Unifying the ramp workers behind the cause wasn't easy, though, largely because of rapid turnover. Rodriguez had been employed at ASIG only two months when he began his protest; of the dozen ramp workers interviewed for this story, only two had worked there longer than six months. By all accounts Rodriguez was the only ramp worker, or rampero as the mostly Spanish-speaking immigrants call themselves, willing to complain openly to ASIG managers. While the others feared losing their jobs, Rodriguez, who says he was a unionized delivery driver in New York before moving to Miami a year ago, figured he was due to retire soon anyway.

In early December of last year, Rodriguez and other ASIG ramp agents decided to stage a one-day walkout to call for higher pay and a better parking arrangement. Before they had a chance to set a date, though, employees received a threatening memo, dated December 7, from Juan Barreiro, general manager of ASIG's Miami office, with a copy to the workers' "union representative." (Although a union would be expected to provide some support for the ramp agents, all the workers interviewed for this story said they had never been in contact with any labor representative and had no idea what the name of the company union is or what it does. Attempts to contact the union rep named in Barreiro's memo were unsuccessful. Barreiro did not return several phone messages.)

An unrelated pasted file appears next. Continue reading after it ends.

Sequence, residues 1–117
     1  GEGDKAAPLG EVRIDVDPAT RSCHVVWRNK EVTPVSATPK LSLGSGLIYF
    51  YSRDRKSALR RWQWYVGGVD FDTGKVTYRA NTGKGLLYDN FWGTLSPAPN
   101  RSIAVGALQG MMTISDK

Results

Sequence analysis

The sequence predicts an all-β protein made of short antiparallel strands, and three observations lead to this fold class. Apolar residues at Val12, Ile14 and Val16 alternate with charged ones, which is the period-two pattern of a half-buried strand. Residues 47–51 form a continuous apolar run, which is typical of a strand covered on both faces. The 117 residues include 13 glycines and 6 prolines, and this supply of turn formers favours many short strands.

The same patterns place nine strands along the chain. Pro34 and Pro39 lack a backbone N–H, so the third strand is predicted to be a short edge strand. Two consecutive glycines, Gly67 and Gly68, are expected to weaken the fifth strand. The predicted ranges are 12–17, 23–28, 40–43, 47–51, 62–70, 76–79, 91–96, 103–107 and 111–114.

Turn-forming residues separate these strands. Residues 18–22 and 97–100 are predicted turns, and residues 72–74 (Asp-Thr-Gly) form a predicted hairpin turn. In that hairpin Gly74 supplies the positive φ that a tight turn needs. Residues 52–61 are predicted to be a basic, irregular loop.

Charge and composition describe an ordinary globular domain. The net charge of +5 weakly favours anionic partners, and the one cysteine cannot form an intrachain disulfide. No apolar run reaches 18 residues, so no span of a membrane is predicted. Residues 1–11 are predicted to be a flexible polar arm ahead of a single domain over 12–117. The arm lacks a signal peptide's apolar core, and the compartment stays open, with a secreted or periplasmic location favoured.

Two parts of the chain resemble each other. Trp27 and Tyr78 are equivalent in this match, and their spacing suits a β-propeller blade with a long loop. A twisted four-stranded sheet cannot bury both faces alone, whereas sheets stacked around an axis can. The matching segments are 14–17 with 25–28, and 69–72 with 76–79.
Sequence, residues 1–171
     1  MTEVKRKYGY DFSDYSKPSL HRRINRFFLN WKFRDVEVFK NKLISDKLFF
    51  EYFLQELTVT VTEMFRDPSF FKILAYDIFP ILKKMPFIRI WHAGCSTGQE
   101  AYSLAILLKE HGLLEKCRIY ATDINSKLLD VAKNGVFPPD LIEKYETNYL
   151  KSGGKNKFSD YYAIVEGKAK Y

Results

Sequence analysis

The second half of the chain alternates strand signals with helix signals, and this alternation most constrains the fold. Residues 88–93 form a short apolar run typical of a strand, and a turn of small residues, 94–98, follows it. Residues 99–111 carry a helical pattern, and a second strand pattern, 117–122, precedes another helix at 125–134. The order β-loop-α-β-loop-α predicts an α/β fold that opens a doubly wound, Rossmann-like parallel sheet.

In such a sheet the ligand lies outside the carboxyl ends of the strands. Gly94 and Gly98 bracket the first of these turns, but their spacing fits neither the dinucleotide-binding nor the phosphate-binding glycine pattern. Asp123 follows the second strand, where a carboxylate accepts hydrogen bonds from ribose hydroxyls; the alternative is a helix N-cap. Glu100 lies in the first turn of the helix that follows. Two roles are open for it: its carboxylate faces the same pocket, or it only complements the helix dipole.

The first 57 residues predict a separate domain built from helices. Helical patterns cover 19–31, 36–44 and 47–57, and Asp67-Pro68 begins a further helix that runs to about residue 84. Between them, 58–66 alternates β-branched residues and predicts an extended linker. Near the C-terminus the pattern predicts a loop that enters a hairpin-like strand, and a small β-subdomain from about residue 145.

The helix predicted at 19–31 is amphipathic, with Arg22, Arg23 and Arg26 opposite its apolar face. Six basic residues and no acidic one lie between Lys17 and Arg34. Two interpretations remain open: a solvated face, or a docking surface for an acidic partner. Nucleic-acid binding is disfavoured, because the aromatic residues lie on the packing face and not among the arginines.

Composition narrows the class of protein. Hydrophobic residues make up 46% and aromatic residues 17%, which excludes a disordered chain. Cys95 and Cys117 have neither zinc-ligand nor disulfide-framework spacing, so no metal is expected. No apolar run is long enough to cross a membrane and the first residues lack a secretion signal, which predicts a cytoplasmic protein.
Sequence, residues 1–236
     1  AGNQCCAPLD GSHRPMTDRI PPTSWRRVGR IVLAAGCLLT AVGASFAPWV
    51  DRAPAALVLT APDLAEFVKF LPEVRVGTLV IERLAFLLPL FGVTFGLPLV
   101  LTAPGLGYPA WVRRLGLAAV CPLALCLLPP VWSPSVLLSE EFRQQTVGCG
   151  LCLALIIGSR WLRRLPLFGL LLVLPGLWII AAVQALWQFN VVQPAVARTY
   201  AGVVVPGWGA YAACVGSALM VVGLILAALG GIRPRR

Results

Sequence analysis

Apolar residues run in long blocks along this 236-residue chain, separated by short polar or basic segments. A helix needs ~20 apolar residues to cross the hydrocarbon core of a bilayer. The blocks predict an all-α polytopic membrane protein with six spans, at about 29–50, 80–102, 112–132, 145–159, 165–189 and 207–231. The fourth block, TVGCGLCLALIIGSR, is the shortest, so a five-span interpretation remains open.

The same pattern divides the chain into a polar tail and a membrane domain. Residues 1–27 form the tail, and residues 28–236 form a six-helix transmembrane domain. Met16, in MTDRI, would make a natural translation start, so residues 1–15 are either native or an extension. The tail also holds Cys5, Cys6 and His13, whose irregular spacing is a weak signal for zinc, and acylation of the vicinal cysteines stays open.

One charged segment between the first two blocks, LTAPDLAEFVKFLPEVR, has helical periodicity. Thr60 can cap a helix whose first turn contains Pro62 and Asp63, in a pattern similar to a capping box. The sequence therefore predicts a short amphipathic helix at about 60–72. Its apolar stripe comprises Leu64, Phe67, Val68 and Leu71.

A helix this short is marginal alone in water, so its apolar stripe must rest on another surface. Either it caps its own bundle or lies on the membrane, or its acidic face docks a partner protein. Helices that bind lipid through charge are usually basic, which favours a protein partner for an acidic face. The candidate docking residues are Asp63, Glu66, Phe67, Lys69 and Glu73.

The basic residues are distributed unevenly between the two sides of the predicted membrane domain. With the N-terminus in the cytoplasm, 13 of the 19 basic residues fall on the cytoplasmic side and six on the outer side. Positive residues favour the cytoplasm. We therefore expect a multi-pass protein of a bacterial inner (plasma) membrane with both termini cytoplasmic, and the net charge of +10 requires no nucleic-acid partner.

Rodriguez says he never received the memo, though he was told about it. But soon after it circulated, he changed his mind about walking out. Instead he typed a letter of complaint, in Spanish, addressed to Miami-Dade Mayor Alex Penelas. About 50 of his co-workers added their signatures to his, and on January 9 Rodriguez sent the letter by certified mail.

"It is unjust that the airport administration does not recognize our difficult and heavy work, which consists of such tasks as getting on our knees to extract suitcases, which are heavier than the regulations allow, from uncomfortable cargo holds," the letter states. "We are treated like slaves and then obligated to pay $120 [every four months] for the right to park our cars, and on top of that, we are only paid $6 per hour and have no benefits."